But what is the difference between speech and language? And what constitutes a swallowing disorder? Here is a basic breakdown of what falls under each of these umbrellas, with specific reference to the pediatric population:
The American Speech-Language-Hearing Association (ASHA) defines speech as "the verbal means of communicating" which consists of articulation, voice, and fluency. Articulation refers to how speech sounds are produced. Children with articulation issues might substitute, omit, or distort certain sounds when speaking. Voice refers to the "use of the vocal folds and breathing to produce sound." Children with voice issues may present with hoarseness, loss of voice, or other changes in vocal quality due to overuse or misuse of their voice. Finally, fluency refers to the "rhythm of speech" which can be interrupted by hesitations or stuttering (e.g., part word or whole word repetitions, blocks, prolongations, etc).
Language is different from speech. Language can be broken down into two main areas. Receptive language refers to how a person understands spoken language. Children with receptive language issues may have difficulty understanding the meaning of words or following directions. Expressive language refers to a person's ability to formulate and convey their thoughts to others. Children with expressive language issues may have difficulty with word retrieval, thought formulation/organization, or use of proper syntax/grammar when speaking. Expressive language also includes pragmatics, which refers to the rules that govern the use of language (e.g., language function: to request, to comment, to ask a question; language appropriateness; social rules of language: introducing the topic, staying on topic, taking conversational turns).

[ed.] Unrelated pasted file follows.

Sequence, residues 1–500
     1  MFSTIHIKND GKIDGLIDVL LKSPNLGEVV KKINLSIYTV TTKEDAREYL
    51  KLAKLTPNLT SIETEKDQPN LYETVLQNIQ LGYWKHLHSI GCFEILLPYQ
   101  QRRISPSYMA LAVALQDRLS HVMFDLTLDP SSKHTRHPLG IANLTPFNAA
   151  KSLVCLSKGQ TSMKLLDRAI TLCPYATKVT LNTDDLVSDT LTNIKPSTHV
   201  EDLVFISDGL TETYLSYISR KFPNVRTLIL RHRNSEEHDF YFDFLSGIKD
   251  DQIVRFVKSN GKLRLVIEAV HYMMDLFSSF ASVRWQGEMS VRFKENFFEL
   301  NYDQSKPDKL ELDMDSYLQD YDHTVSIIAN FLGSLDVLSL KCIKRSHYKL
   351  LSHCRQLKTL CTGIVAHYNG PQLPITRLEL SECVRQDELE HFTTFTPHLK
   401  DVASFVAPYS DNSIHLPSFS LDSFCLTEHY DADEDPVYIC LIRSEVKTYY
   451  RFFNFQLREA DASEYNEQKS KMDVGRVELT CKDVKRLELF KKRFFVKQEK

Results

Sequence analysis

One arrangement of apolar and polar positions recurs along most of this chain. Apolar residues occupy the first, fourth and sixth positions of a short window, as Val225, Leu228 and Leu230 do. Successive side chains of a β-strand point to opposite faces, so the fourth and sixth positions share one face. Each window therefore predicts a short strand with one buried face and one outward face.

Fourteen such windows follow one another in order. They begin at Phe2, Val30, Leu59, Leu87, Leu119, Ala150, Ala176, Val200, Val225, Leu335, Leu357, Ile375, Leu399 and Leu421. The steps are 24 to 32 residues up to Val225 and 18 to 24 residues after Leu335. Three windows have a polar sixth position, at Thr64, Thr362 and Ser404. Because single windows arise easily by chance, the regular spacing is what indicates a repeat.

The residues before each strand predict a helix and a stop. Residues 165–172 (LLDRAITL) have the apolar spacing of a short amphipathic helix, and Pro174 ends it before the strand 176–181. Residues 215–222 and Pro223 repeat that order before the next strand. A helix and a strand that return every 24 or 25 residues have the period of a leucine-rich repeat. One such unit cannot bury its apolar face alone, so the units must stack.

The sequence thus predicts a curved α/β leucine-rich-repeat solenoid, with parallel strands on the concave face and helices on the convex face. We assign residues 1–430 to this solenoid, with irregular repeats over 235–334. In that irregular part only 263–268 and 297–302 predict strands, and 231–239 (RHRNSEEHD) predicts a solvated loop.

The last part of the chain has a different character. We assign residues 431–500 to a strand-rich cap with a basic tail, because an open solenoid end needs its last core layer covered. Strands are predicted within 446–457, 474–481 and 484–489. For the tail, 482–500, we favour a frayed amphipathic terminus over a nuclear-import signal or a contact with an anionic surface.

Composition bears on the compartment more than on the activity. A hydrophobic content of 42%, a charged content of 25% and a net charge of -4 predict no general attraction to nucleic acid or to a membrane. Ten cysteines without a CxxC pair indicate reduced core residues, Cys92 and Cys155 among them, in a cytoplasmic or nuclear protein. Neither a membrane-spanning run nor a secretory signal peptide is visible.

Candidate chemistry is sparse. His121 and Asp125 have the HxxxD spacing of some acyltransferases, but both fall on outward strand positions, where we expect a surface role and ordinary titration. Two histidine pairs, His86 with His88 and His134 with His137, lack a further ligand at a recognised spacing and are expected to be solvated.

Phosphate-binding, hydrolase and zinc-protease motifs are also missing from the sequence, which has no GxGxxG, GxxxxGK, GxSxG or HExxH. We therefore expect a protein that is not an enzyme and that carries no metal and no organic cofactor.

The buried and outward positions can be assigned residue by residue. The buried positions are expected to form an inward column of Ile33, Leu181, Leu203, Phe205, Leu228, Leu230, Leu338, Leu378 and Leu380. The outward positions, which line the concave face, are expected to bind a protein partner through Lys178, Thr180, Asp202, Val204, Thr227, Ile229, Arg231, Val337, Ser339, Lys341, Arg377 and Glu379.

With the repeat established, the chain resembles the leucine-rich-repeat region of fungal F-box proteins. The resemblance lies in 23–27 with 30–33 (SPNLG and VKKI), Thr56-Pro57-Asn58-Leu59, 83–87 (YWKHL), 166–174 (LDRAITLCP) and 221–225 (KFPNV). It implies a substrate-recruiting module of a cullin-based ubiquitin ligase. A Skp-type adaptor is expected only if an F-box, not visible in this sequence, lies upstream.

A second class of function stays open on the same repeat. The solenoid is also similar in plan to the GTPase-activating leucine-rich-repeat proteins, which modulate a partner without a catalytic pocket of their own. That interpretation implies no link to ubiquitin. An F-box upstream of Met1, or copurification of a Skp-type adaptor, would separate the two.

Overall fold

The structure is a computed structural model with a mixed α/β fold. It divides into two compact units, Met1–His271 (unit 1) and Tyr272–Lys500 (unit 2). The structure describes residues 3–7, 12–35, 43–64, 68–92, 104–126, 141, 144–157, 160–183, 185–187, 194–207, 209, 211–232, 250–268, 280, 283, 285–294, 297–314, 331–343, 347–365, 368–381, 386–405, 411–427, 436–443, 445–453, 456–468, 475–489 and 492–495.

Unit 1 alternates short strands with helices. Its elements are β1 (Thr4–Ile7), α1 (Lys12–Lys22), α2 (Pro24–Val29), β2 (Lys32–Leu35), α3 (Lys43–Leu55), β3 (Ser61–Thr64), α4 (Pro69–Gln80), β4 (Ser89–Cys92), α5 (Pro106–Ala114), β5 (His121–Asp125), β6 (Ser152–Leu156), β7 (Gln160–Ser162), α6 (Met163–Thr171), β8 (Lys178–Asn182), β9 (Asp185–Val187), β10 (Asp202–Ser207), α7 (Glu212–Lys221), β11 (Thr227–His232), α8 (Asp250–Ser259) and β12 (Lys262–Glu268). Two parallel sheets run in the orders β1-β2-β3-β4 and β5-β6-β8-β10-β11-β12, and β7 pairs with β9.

Last but not least, swallowing or feeding issues addressed by speech-language pathologists working with the pediatric population include delays in meeting feeding milestones (e.g., intake of solid foods, use of open cup, etc.), persistent gagging or coughing while eating, food refusal, and behavior problems surrounding feeding.
Considering this wide range of disorders that we treat, it is no wonder that confusion exists as to what we do as speech-language pathologists. Hopefully this has helped to create a better understanding! You can also check out the following resources: